First off; I agree with columnist and radio personality Larry Elder in that I am an “ABC guy”, that is to say “anybody but Clinton”. Her monumental litany of lies, distortions and obfuscations over decades in high profile positions should be reason enough to disqualify her for any government position – let alone the Presidency – if for no other reasons than a lack of honesty and ethical behavior. Not to mention her failure to perform competently in her previous official duties at every level. Of course in these times all of those faults seem to be a prerequisite for political office. Her willingness to sell out America while Secretary of State for foreign contributions to the Clinton Foundation and her raking in millions of dollars in speaking fees to Wall Street entities have set the greed bar at an astronomic level. How can such a person be trusted to act in the best interests of America? The Clintons have at best proved amoral and rapacious and putting the White House back under their control would be disastrous for our nation.
On to Bernie Sanders. I can understand why young people with a limited knowledge of the negative historical impact of Communism worldwide (due in great part to the Leftist/Socialist infestation of our educational community) ould be attracted to his untruthful portrayal of the Socialist Utopia waiting for all committed believers. As for the older portion of the faithful, they finally have the chance to vote for a product of the Marxist movement that for so many years has declined to show its true colors. Yesterday I saw one of the few “Bernie” bumper stickers that I have noted in the past couple of months. What really had me agape were two of the other stickers that I noted on the same vehicle. One had to do with “Peace”, the other insisted on “Co-exsistance”. Considering the brutality of Communism worldwide that has resulted in the death of millions I am unable to fathom the mindset of whoever was driving that car.
What a shame that these two are what the Democratic Party is offering to lead the United States.
The Republicans continue to employ their circular firing squad which has narrowed a hodgepodge assortment of perennial contenders, moderate Governors, and several “outsiders” down to three remaining candidates.
Donald Trump, I am sorry to say, has yet to evince any true leadership qualities but depends instead on bluster and demagoguery that prove divisive rather than constructing the unity that Republicans need muster in order to win the Presidency. This would seem both ironic and short-sighted in that the current inhabitant of the White House is the most divisive President we have seen since the Eisenhower era when this particular characteristic began to be measured. Although he has pinpointed dismay with the current administration’s ineptitude and raised the ire of many citizens to a fever pitch, Trump has yet to promote any concepts or plans to rally moderate Democrats and other voters. Rabble rousing without solutions, questionable ethics, braggadocio and limited people skills are not reassuring when assessing the minefields both national and international that await the next President.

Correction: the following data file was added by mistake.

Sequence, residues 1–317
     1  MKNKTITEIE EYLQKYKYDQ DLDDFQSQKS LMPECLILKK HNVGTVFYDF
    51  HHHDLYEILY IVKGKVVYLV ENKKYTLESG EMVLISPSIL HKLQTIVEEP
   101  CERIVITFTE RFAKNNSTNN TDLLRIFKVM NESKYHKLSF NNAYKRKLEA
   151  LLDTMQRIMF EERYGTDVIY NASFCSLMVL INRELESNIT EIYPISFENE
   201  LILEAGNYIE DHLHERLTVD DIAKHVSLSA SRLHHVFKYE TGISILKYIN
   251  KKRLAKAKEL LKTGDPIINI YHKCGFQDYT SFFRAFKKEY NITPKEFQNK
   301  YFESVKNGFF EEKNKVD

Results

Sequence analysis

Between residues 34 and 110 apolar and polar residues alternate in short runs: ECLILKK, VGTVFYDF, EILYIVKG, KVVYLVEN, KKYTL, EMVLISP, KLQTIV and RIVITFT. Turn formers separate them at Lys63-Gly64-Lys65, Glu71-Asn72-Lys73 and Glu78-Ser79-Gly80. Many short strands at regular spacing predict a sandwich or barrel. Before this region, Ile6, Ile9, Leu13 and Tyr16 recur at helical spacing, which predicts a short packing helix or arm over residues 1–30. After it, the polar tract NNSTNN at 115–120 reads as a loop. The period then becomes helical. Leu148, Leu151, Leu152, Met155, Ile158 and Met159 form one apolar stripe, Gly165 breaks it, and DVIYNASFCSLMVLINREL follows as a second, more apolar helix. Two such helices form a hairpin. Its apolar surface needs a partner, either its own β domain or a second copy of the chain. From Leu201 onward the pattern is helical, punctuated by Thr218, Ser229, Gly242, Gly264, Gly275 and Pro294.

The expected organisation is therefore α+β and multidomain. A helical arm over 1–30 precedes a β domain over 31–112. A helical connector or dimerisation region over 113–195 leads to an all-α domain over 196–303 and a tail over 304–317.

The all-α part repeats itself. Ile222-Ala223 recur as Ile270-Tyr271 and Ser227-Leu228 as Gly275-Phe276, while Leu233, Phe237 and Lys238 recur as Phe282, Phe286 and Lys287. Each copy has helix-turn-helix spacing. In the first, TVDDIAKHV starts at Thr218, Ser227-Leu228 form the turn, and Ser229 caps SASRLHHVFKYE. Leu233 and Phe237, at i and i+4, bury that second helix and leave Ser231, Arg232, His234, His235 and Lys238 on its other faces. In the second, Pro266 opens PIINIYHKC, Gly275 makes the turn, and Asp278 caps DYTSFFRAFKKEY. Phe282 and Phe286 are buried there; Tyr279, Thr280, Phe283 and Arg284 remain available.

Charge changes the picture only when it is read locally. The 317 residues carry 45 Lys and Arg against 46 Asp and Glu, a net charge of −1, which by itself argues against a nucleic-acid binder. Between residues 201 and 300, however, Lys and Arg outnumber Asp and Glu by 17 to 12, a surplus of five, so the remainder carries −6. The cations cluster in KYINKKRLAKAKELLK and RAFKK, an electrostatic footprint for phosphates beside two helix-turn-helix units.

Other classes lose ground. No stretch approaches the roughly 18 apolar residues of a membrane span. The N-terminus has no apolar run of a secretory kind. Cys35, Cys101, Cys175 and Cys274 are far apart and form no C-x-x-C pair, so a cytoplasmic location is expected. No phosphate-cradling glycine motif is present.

Ted Cruz has allowed himself to be sucked into Trump’s blame game and is currently mired in the mud pit with the front-runner. This takes away from Cruz’ arguably better credentials and overshadows his stance as an anti-establishment reformer. That is unfortunate because Cruz seems to offer some good ideas and potential solutions to employ should he become President.
John Kasich is a sitting Governor for the state of Ohio. He served nine terms as a member of the United States House of Representatives, representing Ohio’s 12th congressional district from 1983 to 2001. His tenure in the House included 18 years on the House Armed Services Committee and six years as chairman of the House Budget Committee. He was a key figure in the passage of both welfare reform and the Balanced Budget Act of 1997. He has been described as a “moderate Republican” and up until this point has won only one state (Ohio) in the delegate race, seemingly unable to connect with voters on a national basis. He could be reasonably described as part of the “Republican Establishment”.
There is a good chance that the Republican National Convention will be a slugfest in a number of ways, mainly because the GOP establishment is hysterical over the prospect that Trump will have the required votes to qualify for the nomination. That could well precipitate a “brokered convention” that would attempt to award the prize to someone of the party bosses’ preference. Such an attempt might prove the death knell for the GOP as a national party and ensure another eight years of Democratic mismanagement at the highest levels. You would think that the GOP could understand that their primary concern would be to defeat Hillary rather than to perpetuate the Party of The Incumbents.
I believe that a ticket of Cruz and Kasich could best accomplish a Republican win. The problem is getting those two to set aside personal ambitions for the good of the nation. When has that ever been a politician’s major concern?